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Cruise Ship Blues: The Underside of the Cruise Industry

by Ross A. Klein

Ross Klein is a sociologist who has logged over 300 days vacationing on cruise ships from various parts of the world. In Cruise Ship Blues he uses that experience and a lot of research to incriminate the cruise-line industry, the fastest growing segment of leisure travel, for their blatant liabilities.

Klein points out that as far back as 1978 The Sunday Times and London Times lost $100,000 in advertising revenue from Cunard Line shortly after one of the newspapers reported the discovery of cockroaches and filth aboard some of that company’s ships. There are only two types of media as far as industry executives are concerned – good media and bad media – and Klein claims that the major players use their multi-million-dollar advertising clout to minimize the entries in the bad column. This is just one of the reasons that Klein’s book is one of the first comprehensive studies of the cruise industry’s dark underside.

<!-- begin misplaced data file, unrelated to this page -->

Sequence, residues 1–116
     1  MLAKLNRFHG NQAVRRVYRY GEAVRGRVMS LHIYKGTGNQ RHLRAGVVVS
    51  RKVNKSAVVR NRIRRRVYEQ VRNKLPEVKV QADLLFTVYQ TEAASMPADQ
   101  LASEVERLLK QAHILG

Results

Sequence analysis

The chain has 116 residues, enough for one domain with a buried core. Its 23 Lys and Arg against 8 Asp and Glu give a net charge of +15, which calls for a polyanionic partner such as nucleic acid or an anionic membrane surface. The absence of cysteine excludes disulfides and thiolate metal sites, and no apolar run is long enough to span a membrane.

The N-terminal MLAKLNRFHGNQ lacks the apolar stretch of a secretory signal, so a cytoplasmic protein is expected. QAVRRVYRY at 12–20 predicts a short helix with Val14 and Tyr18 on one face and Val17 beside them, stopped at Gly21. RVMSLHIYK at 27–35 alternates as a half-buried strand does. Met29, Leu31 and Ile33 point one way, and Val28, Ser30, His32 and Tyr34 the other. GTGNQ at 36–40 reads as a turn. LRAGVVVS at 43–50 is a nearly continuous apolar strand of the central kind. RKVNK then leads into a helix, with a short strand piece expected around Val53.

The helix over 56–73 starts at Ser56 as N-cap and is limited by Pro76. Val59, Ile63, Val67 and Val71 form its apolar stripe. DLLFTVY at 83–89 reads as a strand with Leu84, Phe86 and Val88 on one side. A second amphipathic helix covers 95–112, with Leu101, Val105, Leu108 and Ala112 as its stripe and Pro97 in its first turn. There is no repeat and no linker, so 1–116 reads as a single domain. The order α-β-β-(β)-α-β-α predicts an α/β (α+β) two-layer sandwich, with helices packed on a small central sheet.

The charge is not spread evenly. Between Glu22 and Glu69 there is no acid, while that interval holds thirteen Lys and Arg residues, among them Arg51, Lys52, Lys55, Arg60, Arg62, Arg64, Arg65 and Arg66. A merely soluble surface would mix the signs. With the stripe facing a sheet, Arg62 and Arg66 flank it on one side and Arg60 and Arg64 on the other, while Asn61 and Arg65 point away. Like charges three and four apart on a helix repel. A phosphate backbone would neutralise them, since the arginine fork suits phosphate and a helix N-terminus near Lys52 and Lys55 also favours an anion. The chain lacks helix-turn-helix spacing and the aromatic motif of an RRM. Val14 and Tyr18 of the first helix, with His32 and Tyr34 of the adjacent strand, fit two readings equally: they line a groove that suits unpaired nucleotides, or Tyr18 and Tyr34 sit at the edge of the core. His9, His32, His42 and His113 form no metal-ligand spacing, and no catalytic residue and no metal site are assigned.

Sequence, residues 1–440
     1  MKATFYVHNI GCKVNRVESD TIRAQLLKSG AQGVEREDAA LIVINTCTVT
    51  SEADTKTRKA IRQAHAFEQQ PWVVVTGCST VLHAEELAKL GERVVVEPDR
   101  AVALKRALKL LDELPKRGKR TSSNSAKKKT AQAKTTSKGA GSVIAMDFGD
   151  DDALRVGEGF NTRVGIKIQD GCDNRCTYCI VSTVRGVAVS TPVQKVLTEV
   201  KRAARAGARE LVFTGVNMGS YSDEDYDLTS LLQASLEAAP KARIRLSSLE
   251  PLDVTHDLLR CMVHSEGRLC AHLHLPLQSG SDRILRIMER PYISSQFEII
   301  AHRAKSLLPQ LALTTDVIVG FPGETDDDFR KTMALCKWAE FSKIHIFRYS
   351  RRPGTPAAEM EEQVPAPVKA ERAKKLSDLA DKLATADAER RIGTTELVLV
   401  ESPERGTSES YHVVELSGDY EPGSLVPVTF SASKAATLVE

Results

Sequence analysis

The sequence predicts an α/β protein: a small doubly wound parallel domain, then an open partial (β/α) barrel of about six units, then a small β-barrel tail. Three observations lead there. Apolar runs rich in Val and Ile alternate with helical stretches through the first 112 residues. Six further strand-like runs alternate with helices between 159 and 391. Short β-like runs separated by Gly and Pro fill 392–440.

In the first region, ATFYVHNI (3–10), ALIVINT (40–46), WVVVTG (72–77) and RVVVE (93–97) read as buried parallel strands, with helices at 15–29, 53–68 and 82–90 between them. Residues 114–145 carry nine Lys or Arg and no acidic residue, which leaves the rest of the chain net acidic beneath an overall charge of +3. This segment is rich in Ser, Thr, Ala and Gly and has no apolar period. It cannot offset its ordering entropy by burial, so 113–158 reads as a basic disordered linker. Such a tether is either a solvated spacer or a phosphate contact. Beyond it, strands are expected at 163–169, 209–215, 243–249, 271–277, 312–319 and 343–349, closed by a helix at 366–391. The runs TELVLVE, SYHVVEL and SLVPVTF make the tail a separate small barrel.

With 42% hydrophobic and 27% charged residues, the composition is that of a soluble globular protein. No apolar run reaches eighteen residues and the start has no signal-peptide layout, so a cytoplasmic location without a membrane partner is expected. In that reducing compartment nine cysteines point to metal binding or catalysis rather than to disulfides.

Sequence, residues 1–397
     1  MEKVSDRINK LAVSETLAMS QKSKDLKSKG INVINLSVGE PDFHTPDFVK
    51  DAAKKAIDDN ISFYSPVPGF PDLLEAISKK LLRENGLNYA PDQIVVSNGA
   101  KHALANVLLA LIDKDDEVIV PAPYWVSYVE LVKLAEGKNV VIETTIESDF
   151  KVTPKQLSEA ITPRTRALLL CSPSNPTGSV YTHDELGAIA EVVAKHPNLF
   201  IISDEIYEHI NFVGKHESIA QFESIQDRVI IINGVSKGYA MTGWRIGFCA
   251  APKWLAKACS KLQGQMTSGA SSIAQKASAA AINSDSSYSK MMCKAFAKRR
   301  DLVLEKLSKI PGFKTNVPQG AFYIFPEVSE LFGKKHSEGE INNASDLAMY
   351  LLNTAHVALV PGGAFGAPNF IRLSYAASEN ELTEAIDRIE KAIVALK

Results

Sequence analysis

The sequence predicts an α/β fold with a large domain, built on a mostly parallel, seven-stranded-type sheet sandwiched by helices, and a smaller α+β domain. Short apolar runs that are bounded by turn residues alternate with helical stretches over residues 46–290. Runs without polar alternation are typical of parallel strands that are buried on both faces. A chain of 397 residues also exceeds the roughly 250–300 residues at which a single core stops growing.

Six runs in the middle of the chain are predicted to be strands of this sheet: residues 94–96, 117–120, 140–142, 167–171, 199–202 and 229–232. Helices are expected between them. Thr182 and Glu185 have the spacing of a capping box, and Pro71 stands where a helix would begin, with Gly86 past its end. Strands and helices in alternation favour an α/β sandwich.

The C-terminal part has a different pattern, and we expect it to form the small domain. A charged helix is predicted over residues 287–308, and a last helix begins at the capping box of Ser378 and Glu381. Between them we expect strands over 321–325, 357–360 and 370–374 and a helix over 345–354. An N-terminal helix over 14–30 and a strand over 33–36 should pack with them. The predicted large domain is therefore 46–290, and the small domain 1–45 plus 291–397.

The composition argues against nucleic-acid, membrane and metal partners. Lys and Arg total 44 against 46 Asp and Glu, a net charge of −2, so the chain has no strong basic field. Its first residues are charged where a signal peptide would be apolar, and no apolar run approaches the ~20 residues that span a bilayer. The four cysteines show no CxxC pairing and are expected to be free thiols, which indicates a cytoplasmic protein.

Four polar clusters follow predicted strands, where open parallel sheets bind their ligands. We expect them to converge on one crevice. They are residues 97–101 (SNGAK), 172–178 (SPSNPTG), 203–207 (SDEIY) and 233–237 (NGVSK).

The book not only discloses routine onboard safety, security, and food violations, but examines the industry’s abysmal environmental record. Perhaps the most outstanding example was Royal Caribbean International’s 1999 agreement to pay an $18-million fine after pleading guilty to numerous pollution-related charges. Klein also highlights lousy labour conditions, sexual/racial assaults and harassment (of both employees and passengers), as well as the industry’s disdain for customer complaints and the many ways “all-inclusive” passengers are coerced into paying upward of $200 per day in extra fees.

But for a book about ocean travel this one reads dry as a desert bone. The writing is serviceable, but Klein fails to make the obvious connections to the general eco-political climate that fosters such go-for-broke global capitalism. Regarding the industry’s misrepresentation through advertising he naively admits: “One of my biggest struggles on cruises was reconciling the incongruity between image and reality.” Still, it’s good that after more than 30 trips through the industry’s murky and incorrigible waters, Klein is finally sounding the ship’s alarm.